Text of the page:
While teachers across the globe are scrambling to pivot towards online teaching and learning, SITE–Society for Information Technology and Teacher Education is embarking on a new, timely endeavor: A competence-driven professional development course series for teacher educators on integrating and leveraging digital technologies for learning.
The international non-profit organization SITE–Society for Information Technology and Teacher Education promotes the development and dissemination of theoretical knowledge, conceptual research, and professional practice knowledge through the annual SITE conference, books, collaborative projects with other organizations, and the Journal of Technology and Teacher Education.
In 2017, leading members of SITE developed ‘Teacher Educator Technology Competencies’ (TETCs) to support the redesign of teacher education programs and to prepare educators to model and integrate technology in their teaching (cf. Foulger, Graziano, Schmidt-Crawford, & Slykhuis 2017). The TETCs represent diverse perspectives from an array of teacher educators and renowned organizations such as ISTE, AACTE and the US Department of Education Office of Educational Technology.
SITE now offers four online self-paced professional development courses for educator who want to expand their technology competencies: http://tetcpd.thinkific.com
The courses can be taken as a bundle orthat leads to a certificate, or individually to focus on a specific set of competencies. A certificate from SITE is issued for every course successfully completed.
For AACE Review, I had the pleasure to talk to one of the conceptual masterminds behind the new professional development certificate program: Prof. Dr. David Slykhuis, past president of SITE, professor of Science Education at the University of Northern Colorado, assistant dean of the College of Natural and Health Science and director of the UNC Mathematics and Science Teaching (MAST) Institute. Slykhuis’ research focuses on technology, pedagogy, and content knowledge (TPACK) in science education.
It seems that there never was a better time for professional development on teaching with technology. What sets SITE’s offering apart from other professional development opportunities?
What is unique about SITE’s offering is that is aimed directly at teacher educators. The courses look at some of the unique aspects of teacher education and how teacher educators should not only model and use educational technology but also provide opportunities for teacher candidates to use technology as well. This professional development also leads teacher educators through steps to make changes to specific assignments or aspects to their class so there is immediate application of what is learned.
Who do you envision as a typical participant? Did you design the program with teachers and administrators from the SITE community in mind? Have community members informed the development?
We envision the typical participant being any faculty member involved in teacher education. This could be anyone from a content methods professor, a foundations of education professor, or someone involved in field placements.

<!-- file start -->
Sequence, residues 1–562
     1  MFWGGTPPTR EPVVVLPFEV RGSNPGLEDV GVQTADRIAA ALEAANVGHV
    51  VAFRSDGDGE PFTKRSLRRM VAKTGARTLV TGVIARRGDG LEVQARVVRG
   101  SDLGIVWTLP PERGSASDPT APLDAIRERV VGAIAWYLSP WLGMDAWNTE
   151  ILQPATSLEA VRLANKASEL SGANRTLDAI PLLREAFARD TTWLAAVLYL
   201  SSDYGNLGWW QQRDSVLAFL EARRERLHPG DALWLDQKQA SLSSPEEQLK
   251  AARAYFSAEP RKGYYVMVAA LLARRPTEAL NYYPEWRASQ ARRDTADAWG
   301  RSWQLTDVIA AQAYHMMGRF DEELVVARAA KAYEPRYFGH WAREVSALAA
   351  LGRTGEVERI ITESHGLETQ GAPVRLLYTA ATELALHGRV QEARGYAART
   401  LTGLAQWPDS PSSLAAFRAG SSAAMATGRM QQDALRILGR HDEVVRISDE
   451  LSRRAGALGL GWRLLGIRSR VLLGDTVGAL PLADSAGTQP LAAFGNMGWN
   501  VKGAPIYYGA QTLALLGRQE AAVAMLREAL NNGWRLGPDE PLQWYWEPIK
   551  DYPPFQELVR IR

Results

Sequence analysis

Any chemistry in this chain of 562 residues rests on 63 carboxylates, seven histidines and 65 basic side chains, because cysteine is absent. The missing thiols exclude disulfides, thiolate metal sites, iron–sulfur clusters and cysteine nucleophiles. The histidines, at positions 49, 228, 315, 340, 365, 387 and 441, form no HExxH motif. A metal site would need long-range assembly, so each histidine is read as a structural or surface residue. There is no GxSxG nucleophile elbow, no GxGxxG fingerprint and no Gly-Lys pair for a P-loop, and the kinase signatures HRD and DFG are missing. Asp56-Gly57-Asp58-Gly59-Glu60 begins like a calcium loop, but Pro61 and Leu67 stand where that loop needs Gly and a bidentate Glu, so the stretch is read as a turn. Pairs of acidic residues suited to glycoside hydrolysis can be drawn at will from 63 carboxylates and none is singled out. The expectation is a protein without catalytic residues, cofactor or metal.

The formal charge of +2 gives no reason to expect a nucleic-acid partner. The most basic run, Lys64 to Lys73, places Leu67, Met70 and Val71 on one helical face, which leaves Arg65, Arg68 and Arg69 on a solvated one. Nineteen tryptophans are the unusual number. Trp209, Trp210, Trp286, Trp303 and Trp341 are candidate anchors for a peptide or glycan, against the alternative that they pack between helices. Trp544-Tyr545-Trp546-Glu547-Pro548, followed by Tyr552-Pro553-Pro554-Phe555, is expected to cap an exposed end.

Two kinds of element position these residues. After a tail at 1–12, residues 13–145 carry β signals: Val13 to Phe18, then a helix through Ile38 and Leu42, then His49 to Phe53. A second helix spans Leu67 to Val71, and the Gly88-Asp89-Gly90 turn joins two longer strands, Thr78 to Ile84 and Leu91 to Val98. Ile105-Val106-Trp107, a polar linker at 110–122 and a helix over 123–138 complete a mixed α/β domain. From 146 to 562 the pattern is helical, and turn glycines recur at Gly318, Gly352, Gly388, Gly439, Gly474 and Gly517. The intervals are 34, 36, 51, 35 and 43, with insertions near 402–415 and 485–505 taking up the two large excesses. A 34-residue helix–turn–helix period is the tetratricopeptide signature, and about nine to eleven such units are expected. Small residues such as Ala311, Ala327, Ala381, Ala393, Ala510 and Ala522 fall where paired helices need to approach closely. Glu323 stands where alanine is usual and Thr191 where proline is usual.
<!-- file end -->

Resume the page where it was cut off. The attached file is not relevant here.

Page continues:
The teacher educator field helped inform the development of the TETCs at two different stages. The initial call for research around technology competencies and in the final stage when the TETCs were available for review and feedback. You can learn more about the unique research methods used in the development of the TETCs in CITE Journal.
Are there elements of the certificate program that you feel will be specifically helpful to educators for navigating the pandemic?
It is important that teacher educators are well versed in all aspects of technology. However, TETC #4 is dedicated to the use of online tools and TETC #7 is focused on effective strategies for teaching in an online environment. Both of those are especially relevant right now!
The technology landscape is ever changing, and it’s tough to stay ahead of the technology curve. How do you plan to keep the classes up-to-date? Perhaps more important, which elements are timeless classics?
The TETCs and the related PD were created so that they were no tool specific. This was done particularly to address the ever-changing educational technology landscape. While we know the TETCs will have to be updated at some point, we hope they stand test of time quite will. Certainly, TETC #9 about using technology in a legal, ethical and socially responsible way and TETC #10 about the need for continued professional development will both help keep teacher educators ahead of the technology curve.
What are some upcoming research endeavors that you are working on? Will technology competencies play a role?
I am currently co-chairing the Learning Keeps Going Higher Education group that was created in response to the pandemic. The TETCs have played a role in the work as they provide an excellent resource for teacher educators.
I will continue to work on TETC related research around technology infusion.
Lastly, do you have technology advice that every teacher candidate should take to heart?
While TETCs were created for teacher educators, the goal is that having teacher educators competent in technology would produce teacher candidates prepared to use technology effectively in their future classrooms.
My biggest piece of advice for teacher candidates on using technology is don’t be afraid to try! You don’t need to be an expert in the technology in order to use it in your classroom, you and your students can figure it out together and it can still be effective!